I Accept Gifts from a Stranger
Though lacking in much actual action, this chapter shoves us onto the flight deck, fuels up the jet, and clears us for launch. (Aren’t metaphors fun?) Midway through I found myself a little down on things, but then I realized I was resisting some of Riordan’s Greek mythology updates only because they contradicted with my own in Zeus Is Dead.
So I had to whap myself upside the head as a reminder that not only does creative diversity make the genre MORE enjoyable, but I’d have been even more bummed out if I’d discovered that my take and Riordan’s take on everything were identical.
We writer types are a weird mix of arrogance and sensitive egos. Also pizza.
So! Onward. We finally hear from Annabeth what the item is that she thinks Grover has found: The Golden Fleece! Yay, famous mythological item! And it smells like satyr-god, which actually makes good sense, too.
I’m not sure how I feel about the Sea of Monsters actually moving, though. The monsters themselves, fine, but the actual sea? Hmm. But this is one of those spots where I had to whap myself with a reminder that I’m not the author. I’ll go with it. Riordan’s earned some trust, after all. Good call on making it the Bermuda Triangle, though. Riordan and I both felt the need to mention the Triangle in our writing–though in Zeus Is Dead it’s only a throwaway mention in the narrative’s explanation of naturally-occurring “nodes of power”:
Such nodes had their own special ways of luring things of value, one way or another. It was no accident, for example, that a little patch of Nevada desert had turned into one of the top destinations for vacationers to turn over their money. Ships and planes that vanished in the Bermuda Triangle were the unfortunate example of what happened when similar phenomena were buried beneath large quantities of water…
–Zeus Is Dead: A Monstrously Inconvenient Adventure, Chapter 11
But back to The Sea of Monsters! When Annabeth said that the Fleece might be a trap, it took me by surprise. I hadn’t considered that. So I thought about it, and I’m going to go out on a limb and argue with the daughter of the goddess of wisdom: I don’t think it’s a trap. Satyrs have been looking for Pan for a long, long time, right? That’s a heck of a long con just for a trap. I’ll qualify that by saying that whoever set the trap may have figured that if poisoning the tree didn’t wipe out the camp on its own, the fact that the Fleece, if anyone DID find it, would be well-guarded makes for nice fail-safe.
Percy and Annabeth’s plan for forcing Tantalus to grant them a quest was a pretty good one. I’d expected it to work, right up until Tantalus started pulling out the deliberately non-specific terms with regard to declaring that he’d authorize “a champion.” At that point I saw it coming that he’d choose Clarisse. Note that I do not consider seeing this coming as a bad thing. When a reader can anticipate (and sometimes even dread) how a character will react, that means the characters feel more real. Riordan has done a great job in establishing that Tantalus is–to borrow from Ghostbusters–a class-five, free-roaming jerk-ass.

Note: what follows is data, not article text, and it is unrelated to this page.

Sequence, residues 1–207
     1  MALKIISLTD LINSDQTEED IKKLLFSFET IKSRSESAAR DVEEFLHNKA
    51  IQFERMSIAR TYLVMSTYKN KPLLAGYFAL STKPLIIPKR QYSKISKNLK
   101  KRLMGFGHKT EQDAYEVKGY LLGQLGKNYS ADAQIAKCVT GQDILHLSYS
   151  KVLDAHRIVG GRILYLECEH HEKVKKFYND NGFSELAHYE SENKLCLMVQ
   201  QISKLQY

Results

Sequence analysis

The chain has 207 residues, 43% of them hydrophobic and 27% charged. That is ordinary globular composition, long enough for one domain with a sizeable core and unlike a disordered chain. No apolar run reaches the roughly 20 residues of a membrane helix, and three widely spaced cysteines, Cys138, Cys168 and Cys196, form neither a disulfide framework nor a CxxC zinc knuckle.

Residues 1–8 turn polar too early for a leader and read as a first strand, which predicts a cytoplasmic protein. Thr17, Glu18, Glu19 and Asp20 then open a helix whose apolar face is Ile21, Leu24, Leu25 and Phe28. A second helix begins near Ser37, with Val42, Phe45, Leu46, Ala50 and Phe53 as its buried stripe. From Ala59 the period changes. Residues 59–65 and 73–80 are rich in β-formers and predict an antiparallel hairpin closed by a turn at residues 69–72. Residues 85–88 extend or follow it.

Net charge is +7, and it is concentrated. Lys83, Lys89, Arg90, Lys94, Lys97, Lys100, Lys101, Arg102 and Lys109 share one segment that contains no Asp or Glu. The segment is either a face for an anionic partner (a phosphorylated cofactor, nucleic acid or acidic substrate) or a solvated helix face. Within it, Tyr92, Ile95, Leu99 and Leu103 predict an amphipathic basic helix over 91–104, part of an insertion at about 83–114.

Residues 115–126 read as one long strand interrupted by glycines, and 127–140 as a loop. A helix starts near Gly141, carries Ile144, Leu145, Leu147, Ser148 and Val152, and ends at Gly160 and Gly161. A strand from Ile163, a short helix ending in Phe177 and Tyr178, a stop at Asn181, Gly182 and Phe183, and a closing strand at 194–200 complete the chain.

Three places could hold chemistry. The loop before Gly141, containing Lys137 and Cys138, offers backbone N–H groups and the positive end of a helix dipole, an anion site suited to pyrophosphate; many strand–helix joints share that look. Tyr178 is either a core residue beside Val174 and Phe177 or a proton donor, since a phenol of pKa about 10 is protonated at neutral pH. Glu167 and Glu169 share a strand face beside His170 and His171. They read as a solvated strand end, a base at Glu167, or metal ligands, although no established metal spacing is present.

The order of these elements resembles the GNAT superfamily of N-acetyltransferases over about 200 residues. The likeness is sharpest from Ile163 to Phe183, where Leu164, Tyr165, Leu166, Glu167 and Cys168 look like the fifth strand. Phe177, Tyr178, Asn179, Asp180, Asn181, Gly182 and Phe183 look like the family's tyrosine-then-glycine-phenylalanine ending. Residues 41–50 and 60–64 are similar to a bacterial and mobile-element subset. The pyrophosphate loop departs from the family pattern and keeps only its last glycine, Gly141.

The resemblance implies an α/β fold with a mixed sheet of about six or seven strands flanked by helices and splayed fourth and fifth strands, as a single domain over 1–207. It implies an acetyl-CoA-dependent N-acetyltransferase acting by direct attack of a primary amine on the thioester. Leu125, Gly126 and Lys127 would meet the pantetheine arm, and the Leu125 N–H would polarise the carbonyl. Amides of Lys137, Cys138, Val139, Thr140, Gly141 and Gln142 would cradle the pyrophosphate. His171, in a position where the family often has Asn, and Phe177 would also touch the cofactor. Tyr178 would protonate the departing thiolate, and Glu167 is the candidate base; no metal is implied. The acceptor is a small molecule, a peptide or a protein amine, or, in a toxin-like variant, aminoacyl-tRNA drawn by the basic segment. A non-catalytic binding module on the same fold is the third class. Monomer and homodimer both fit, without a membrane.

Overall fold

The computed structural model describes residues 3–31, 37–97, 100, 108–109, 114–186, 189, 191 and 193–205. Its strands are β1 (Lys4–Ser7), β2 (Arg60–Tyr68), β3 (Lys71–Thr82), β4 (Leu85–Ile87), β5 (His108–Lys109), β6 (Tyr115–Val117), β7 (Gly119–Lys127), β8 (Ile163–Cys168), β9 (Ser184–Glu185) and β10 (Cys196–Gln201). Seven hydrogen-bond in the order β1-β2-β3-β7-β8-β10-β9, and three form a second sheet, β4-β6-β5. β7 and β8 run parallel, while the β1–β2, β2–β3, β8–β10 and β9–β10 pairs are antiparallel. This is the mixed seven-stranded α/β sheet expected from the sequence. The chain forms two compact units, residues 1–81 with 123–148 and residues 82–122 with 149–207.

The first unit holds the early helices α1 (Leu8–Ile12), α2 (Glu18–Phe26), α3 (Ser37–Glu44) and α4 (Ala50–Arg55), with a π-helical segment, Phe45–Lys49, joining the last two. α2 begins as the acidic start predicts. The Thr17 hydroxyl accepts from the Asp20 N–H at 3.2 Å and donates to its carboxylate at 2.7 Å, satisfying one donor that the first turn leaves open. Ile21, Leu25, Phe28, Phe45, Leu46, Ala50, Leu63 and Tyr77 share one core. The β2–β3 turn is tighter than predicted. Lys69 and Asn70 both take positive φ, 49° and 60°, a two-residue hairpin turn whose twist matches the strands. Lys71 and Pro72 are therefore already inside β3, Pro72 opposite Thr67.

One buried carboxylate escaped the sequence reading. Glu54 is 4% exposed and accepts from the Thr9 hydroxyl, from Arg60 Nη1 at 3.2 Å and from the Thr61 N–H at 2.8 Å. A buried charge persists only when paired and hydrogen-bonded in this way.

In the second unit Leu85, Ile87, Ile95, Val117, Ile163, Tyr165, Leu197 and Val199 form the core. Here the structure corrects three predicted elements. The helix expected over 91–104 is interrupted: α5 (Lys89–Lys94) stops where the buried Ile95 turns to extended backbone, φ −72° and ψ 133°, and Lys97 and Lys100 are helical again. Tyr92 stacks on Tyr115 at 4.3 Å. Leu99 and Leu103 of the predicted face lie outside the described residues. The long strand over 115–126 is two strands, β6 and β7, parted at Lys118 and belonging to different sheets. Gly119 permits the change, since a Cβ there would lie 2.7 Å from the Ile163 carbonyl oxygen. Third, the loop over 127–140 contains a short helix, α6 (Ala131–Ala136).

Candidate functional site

This chapter gives us another mythological milestone: Hermes makes his first appearance! This of course means that I get to have fun contrasting Riordan’s modern-Hermes with my own. While I’m partial to my own take, I do like Riordan’s version, too. As the pantheon’s most mischievous member, I grinned to see him encouraging Percy to screw the rules and go questing anyway. It’s a perfect role for him to play.
Some differences between Riordan-Hermes and ZID-Hermes: R-H is busier. The caduceus-phone has him almost as distracted in this scene as ZID-Apollo. While R-H invented the Internet, ZID-H is a tad irked at Al Gore for doing that before he could. (Note: I know Al Gore did not invent the Internet. Did I mention ZID is a comedy?) 😉 And, of course, ZID-H has an English accent and gets involved in some things that– Well, spoilers.
- I doubt OSHA would approve of the working conditions in the lava-kitchen, to say nothing of the asbestos gloves.
- That’s a nice narrative touch of Riordan’s to use bonfire flames as an indication of the mood of the campers.
- George and Martha kind of bug me. I’m not sure why. All I know is they didn’t feel like they added anything to the scene. (Though I did chuckle at “Bring me back a rat.”) I wonder, do I dislike them because they don’t interest me, or do they not interest me because I don’t like them?
My favorite line/quote/exchange/whatever thing I pick because I like it for this chapter is the following exchange between Annabeth and Percy:
“Europa fell off and died along the way, but that’s not important.”
“It was probably important to her.”
There’s no deep reason, here. It made me laugh. I nearly picked the two quotes I used in the caption of the Fleece image above, but then a few lines later I ran into this one and it took the top spot.